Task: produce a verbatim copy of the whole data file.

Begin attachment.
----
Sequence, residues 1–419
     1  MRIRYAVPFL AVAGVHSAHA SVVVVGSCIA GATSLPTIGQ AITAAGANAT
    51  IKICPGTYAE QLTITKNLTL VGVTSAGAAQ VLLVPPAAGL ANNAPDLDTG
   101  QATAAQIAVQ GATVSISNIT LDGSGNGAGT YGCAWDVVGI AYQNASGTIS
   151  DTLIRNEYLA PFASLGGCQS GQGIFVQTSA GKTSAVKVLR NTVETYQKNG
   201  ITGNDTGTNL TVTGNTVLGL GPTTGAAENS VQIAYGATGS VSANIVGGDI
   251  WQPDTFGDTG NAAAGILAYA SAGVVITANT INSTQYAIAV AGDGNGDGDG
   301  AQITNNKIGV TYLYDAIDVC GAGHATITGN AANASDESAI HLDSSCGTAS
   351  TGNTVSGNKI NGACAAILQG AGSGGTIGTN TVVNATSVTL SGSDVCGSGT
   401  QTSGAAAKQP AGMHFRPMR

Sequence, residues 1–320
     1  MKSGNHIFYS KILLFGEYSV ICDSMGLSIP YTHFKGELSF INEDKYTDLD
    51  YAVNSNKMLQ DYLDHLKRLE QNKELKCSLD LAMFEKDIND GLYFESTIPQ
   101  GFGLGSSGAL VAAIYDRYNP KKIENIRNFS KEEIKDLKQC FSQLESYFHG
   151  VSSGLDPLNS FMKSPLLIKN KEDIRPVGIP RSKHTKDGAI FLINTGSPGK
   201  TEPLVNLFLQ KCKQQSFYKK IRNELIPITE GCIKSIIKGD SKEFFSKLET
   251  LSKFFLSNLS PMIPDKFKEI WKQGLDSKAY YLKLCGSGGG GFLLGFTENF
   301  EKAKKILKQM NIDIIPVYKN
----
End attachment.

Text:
Sequence, residues 1–419
     1  MRIRYAVPFL AVAGVHSAHA SVVVVGSCIA GATSLPTIGQ AITAAGANAT
    51  IKICPGTYAE QLTITKNLTL VGVTSAGAAQ VLLVPPAAGL ANNAPDLDTG
   101  QATAAQIAVQ GATVSISNIT LDGSGNGAGT YGCAWDVVGI AYQNASGTIS
   151  DTLIRNEYLA PFASLGGCQS GQGIFVQTSA GKTSAVKVLR NTVETYQKNG
   201  ITGNDTGTNL TVTGNTVLGL GPTTGAAENS VQIAYGATGS VSANIVGGDI
   251  WQPDTFGDTG NAAAGILAYA SAGVVITANT INSTQYAIAV AGDGNGDGDG
   301  AQITNNKIGV TYLYDAIDVC GAGHATITGN AANASDESAI HLDSSCGTAS
   351  TGNTVSGNKI NGACAAILQG AGSGGTIGTN TVVNATSVTL SGSDVCGSGT
   401  QTSGAAAKQP AGMHFRPMR

Sequence, residues 1–320
     1  MKSGNHIFYS KILLFGEYSV ICDSMGLSIP YTHFKGELSF INEDKYTDLD
    51  YAVNSNKMLQ DYLDHLKRLE QNKELKCSLD LAMFEKDIND GLYFESTIPQ
   101  GFGLGSSGAL VAAIYDRYNP KKIENIRNFS KEEIKDLKQC FSQLESYFHG
   151  VSSGLDPLNS FMKSPLLIKN KEDIRPVGIP RSKHTKDGAI FLINTGSPGK
   201  TEPLVNLFLQ KCKQQSFYKK IRNELIPITE GCIKSIIKGD SKEFFSKLET
   251  LSKFFLSNLS PMIPDKFKEI WKQGLDSKAY YLKLCGSGGG GFLLGFTENF
   301  EKAKKILKQM NIDIIPVYKN